If your education and comfort around money is lacking, don’t worry; it’s not like it’s quantum physics. Getting comfortable is all about getting a handle on your money and there are plenty of resources around to help. Don’t be embarrassed if your financial knowledge isn’t what you believe it should be. It is the one area where many people feel profound regret if they lack know-how. But honestly, you have permission to climb down off your own back. Financial knowledge is not God-given, nor is it genetic. Like everything else, it takes time and desire.

As a single person, risk management is of particular importance. Unless you have dependents, life insurance might be less important, but disability insurance becomes more important. Your emergency fund probably needs to be larger, as there is no second income to fill the gap.

Cash flow planning could be incredibly smoother or more challenging depending on your income and your spending habits (and the spending habits of your ex). Receiving or paying alimony or support makes cash flow management critical. If you have trouble creating a workable cash flow management system, it’s time to find a planner that can help guide you.

Rethinking your estate planning as a single person is vital. Surely you don’t want your ex making medical decisions for you or receiving a windfall upon your death. So be sure to change your Will, Power of Attorney and Health Care Directive as soon as possible, along with beneficiary designations on life insurance and retirement plans.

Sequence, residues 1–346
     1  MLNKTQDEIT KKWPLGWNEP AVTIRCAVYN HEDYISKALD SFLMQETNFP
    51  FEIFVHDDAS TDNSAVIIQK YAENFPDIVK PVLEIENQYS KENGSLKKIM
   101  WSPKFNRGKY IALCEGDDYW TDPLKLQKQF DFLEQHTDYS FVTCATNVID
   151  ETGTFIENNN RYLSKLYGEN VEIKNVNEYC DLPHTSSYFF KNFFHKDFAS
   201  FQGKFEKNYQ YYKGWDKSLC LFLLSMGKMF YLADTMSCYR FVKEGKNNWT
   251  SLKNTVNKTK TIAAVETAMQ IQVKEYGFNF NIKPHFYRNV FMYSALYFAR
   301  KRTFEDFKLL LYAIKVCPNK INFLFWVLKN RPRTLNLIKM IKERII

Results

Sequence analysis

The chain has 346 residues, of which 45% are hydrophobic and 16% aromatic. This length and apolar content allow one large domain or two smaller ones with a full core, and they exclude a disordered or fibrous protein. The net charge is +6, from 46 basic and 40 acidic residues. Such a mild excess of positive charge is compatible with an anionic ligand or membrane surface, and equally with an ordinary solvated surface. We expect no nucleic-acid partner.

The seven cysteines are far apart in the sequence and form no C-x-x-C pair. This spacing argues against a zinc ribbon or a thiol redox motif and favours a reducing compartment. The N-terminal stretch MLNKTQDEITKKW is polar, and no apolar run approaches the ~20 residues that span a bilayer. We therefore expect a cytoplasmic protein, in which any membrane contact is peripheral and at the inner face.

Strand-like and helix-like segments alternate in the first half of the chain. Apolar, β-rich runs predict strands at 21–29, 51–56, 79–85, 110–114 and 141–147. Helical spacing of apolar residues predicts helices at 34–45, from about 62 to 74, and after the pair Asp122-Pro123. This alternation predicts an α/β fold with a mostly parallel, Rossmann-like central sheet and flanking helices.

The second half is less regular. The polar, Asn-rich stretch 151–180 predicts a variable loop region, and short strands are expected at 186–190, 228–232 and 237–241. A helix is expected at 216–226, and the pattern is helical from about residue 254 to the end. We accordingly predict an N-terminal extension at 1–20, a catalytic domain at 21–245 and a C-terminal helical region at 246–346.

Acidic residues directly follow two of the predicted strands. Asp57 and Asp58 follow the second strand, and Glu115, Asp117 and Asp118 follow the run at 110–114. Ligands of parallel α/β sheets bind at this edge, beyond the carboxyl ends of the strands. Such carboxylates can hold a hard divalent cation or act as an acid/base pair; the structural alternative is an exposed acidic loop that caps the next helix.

We each have a deep emotional connection around money. It brings us comfort or provides stress. We learned about money pretty much the same way we learned about relationships—by watching our parents from a very young age. For better or worse, they shaped our beliefs around money and relationships.

Think about your beliefs about money for a moment. Is money a tool or is it a source of conflict? Do your beliefs support your success or is some modification in order? Now could be the perfect time to examine your belief system. And then dive into making any changes that will move you toward the life you want most.

Life as a new single is about possibility. It requires resilience and the ability to shift your thinking (and doing) from where you are now to where you want to go. Very little good comes from looking back, except perhaps to learn necessary lessons. Personal evolution can be a joyful act of emergence and growth. Just make sure your money life supports your dreams.”

Oftentimes, the stress of the divorce process can cause the otherwise successful, productive and decisive individual to face a period of temporary inertia.  There are so many BIG decisions to make, so many possible outcomes that flow from those decisions and what feels like no time to do it.  Take a deep breath, grab a snack and be prepared to think about these major financial decisions and what your goals are for the next chapter.  Avoiding the tough decisions doesn’t make them go away. They only fester and grow more intimidating and/or complicated.  Surround yourself with the right “team” – from attorney, financial advisor, therapist, to family and friends.  With sound professional advice and the self determination to move forward, you can avoid the pitfalls and come out of the process with a better you.